However, U.S. District Judge F. Dennis Saylor IV of the U.S. District Court for theDistrict of Massachusetts indicated that a trial would have to be held to decide whether the TPA, BeneFirst LLC, was instead a “named fiduciary.”
Saylor asserted BeneFirst’s discretion over the health plans, sponsored by a chain of New England and New York hardware stores, as well as its ability to control plan bank accounts did not rise to the level of making the TPA liable as a “functional fiduciary” under the Employee Retirement Income Security Act (ERISA).
The court cited the fact that many other federal courts have concluded that cases in which the sponsor retains final authority weighs heavily against a finding of functional fiduciary status in situations like the one presented in the BeneFirst case. Giving BeneFirst the ability to issue checks under the plan did also not effectively make the TPA a fiduciary, Saylor asserted.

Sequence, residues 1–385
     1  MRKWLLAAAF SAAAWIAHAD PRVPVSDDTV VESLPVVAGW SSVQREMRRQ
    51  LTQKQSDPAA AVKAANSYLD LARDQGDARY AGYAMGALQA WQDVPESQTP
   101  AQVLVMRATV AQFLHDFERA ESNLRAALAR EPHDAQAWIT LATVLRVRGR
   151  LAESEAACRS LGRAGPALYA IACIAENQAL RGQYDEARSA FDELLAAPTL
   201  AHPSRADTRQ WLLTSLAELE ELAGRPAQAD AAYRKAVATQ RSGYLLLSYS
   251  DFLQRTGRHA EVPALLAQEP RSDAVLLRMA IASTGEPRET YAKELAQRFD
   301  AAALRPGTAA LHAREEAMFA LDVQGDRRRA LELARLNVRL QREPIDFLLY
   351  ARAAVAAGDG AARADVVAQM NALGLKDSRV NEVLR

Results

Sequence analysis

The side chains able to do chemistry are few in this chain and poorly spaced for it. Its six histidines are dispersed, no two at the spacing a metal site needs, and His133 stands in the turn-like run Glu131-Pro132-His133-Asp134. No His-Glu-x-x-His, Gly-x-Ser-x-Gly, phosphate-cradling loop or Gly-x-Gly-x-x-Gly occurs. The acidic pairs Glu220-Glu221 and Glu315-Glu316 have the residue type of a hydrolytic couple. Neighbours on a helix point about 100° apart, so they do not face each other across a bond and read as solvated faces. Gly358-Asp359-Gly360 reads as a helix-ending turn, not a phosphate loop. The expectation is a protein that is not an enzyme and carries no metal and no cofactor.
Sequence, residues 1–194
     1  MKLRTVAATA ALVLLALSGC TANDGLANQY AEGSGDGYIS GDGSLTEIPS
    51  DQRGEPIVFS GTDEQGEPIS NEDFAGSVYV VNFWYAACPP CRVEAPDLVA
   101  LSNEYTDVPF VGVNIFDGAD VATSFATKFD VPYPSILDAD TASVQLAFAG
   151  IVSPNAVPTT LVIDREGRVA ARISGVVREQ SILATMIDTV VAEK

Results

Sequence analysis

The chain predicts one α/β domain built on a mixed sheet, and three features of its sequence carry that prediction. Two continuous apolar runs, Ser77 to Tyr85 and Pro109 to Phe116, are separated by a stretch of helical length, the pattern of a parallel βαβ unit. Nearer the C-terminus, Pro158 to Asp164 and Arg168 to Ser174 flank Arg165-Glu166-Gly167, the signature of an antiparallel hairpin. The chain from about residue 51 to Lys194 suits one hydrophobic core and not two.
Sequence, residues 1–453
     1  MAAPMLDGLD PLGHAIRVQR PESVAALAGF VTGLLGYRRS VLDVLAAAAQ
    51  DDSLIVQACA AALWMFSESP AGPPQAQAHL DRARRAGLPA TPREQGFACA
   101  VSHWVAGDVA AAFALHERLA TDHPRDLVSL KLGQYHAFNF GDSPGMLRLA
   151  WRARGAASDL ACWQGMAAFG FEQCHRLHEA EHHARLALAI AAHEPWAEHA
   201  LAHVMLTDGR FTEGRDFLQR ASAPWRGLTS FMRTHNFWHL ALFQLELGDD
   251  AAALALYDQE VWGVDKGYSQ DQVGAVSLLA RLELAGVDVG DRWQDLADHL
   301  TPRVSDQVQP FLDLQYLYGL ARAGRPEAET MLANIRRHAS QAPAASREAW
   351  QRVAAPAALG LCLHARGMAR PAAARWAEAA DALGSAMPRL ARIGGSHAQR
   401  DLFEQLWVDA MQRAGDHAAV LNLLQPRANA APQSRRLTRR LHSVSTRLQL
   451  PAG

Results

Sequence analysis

Because the plans’ summary plan description was not clear about whether anyone granted authority by the sponsor was a “named fiduciary,” further proceedings would have to be held to clarify whether BeneFirst was still a fiduciary under that definition.
The plans at the heart of the case are sponsored by W.E. Aubuchon Co. and Aubuchon Distribution Inc, which hired BeneFirst to act as the plans’ TPA.
The Aubuchon companies filed their lawsuit against BeneFirst in 2005, alleging that BeneFirst made several claim processing errors that cost the plans millions of dollars during the period when BeneFirst served as the plans’ TPA.
The case isW.E. Aubuchon Co. v. Benefirst LLC,D. Mass., No. 05-40159-FDS.
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